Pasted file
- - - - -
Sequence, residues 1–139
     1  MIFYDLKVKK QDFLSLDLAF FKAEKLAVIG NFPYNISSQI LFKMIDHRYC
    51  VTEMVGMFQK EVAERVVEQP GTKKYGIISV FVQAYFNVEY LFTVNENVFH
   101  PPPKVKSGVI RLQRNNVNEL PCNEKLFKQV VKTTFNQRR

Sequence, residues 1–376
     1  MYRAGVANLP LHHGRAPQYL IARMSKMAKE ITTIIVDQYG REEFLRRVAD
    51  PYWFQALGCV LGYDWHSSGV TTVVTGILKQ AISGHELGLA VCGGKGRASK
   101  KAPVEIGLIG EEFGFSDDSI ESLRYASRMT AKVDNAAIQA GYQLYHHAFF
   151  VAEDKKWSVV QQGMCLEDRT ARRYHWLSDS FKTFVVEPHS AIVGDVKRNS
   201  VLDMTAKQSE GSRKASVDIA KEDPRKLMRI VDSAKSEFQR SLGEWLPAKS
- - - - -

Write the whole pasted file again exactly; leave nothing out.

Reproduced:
Sequence, residues 1–139
     1  MIFYDLKVKK QDFLSLDLAF FKAEKLAVIG NFPYNISSQI LFKMIDHRYC
    51  VTEMVGMFQK EVAERVVEQP GTKKYGIISV FVQAYFNVEY LFTVNENVFH
   101  PPPKVKSGVI RLQRNNVNEL PCNEKLFKQV VKTTFNQRR

Sequence, residues 1–376
     1  MYRAGVANLP LHHGRAPQYL IARMSKMAKE ITTIIVDQYG REEFLRRVAD
    51  PYWFQALGCV LGYDWHSSGV TTVVTGILKQ AISGHELGLA VCGGKGRASK
   101  KAPVEIGLIG EEFGFSDDSI ESLRYASRMT AKVDNAAIQA GYQLYHHAFF
   151  VAEDKKWSVV QQGMCLEDRT ARRYHWLSDS FKTFVVEPHS AIVGDVKRNS
   201  VLDMTAKQSE GSRKASVDIA KEDPRKLMRI VDSAKSEFQR SLGEWLPAKS